“Locs are simple” they say. And yet, unhealthy hair care practices can turn “simple” into a devastating experience. I know you may be wondering, “what hair care practices are unhealthy?” and that is a very valid question. So, today I am going to share with you 5 of the most common unhealthy hair care practices with locs.
5 Unhealthy Hair Care Practices With Locs
The majority of the “damage” you can cause to your locs occurs during the grooming process. Which makes sense because why else would Locticians exist if the grooming process was a no-brainer?! However, I know some of us are our own Loctician so let’s get into these unhealthy hair care practices with locs:
Using “tight hold” gels. It is a myth that locking gels are required for starting and/or maintaining locs. If that is news to you, then you are apart of the target audience for most store-bought gels that claim to have “long-lasting” and “tight hold” results. The issue here is that the majority of those “tight hold” gels cause MAJOR buildup— especially inside the locs. Seriously, see for yourself in this microscopic video where I show you the result of using Jamaican Mango & Lime to retwist locs.
Constantly retwisting. The most I would recommend retwisting is once per month and not to retwist after every shampoo. Why? Because you should be shampooing your hair (i.e. cleansing your scalp) more than you’re manipulating your hair. And also because over manipulating your locs can cause thinning and breakage. Check out the hair transplant journey of one of my favorite OG Loc YouTubers, Jasmine Rose. She openly shared how she had surgery in an attempt to restore her edges that she lost from over-twisting the locs on her hairline:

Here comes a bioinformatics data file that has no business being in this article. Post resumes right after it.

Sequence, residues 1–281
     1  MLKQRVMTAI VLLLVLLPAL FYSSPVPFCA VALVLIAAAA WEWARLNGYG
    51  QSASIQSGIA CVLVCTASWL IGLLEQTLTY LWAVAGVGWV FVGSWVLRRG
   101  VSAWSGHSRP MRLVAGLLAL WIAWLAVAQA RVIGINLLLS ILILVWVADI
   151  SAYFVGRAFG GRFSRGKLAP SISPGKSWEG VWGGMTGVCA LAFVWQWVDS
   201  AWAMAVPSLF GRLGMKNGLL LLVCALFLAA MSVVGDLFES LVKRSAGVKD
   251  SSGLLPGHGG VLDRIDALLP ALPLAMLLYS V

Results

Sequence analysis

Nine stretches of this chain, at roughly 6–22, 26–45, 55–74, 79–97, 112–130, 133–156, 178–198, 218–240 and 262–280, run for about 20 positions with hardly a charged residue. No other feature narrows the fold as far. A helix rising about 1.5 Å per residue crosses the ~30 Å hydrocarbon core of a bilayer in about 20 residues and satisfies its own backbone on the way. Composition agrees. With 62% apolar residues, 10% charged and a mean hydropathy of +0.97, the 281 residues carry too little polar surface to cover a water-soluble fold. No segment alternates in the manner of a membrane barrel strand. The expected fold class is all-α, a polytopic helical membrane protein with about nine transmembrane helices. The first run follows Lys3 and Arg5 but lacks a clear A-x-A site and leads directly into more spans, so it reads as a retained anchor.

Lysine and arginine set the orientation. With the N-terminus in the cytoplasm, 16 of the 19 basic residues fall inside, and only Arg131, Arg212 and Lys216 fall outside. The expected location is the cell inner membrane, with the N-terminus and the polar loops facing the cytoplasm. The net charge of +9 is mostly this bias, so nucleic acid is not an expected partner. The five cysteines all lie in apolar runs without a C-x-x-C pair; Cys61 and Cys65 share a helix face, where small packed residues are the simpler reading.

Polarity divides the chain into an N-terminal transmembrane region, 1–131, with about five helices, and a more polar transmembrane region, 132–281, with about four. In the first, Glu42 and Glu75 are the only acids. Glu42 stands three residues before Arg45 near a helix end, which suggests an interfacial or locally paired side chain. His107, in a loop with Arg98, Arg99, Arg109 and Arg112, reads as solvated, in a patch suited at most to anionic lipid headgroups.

Bleaching your locs at home. I can speak from personal experience and say this is a HARD NO! You should never bleach your locs at home. Way back with my first set of traditional locs, before Cosmetology school, I thought it was a good idea to bleach my locs. Starter locs at that. Needless to say, but I over-processed my hair and had extreme color damage. Thankfully, I was able to salvage my locs with professional help, but most people are not that lucky. More often than not, bleach will disintegrate the locs from the inside out and result in thinning and breakage. Just say no…or take a class to learn how to color your locs at home.
Using a handheld hair dryer. When drying your locs, you want to use a concentrated heat source, not a direct heat source like a handheld dryer. The issue with direct heat is that you can scorch one area while leaving other areas damp— or worse, cause heat damage that prevents your hair from locking. If all you have at home is a handheld dryer, consider investing in a bonnet dryer attachment that turns the direct heat into concentrated heat source.
Incorrectly using the crochet hook. Since the popularization of the “instant loc method” many people have opted to use a crochet hook for grooming because it promises to re-integrate loose hair into the locs, reduce frizz and provide fullness. These are all benefits that I do agree are afforded with the crochet method when it is used properly. So the issue is that most people are not trained to do this technique. Following a YouTube video and buying crochet tools at the craft store is not ideal. With improper usage, over time using the crochet hook can lead to thinning roots and breakage, much like @locdjazzy experienced (below) from incorrect crochet grooming.
When doing your research about locs, especially if you plan to DIY, while you are learning about all the “right” things to do, keep in mind the outcome of doing the “wrong” things as well. And if you are unsure or unclear, seek professional guidance from a Loctician— that’s what we are here for!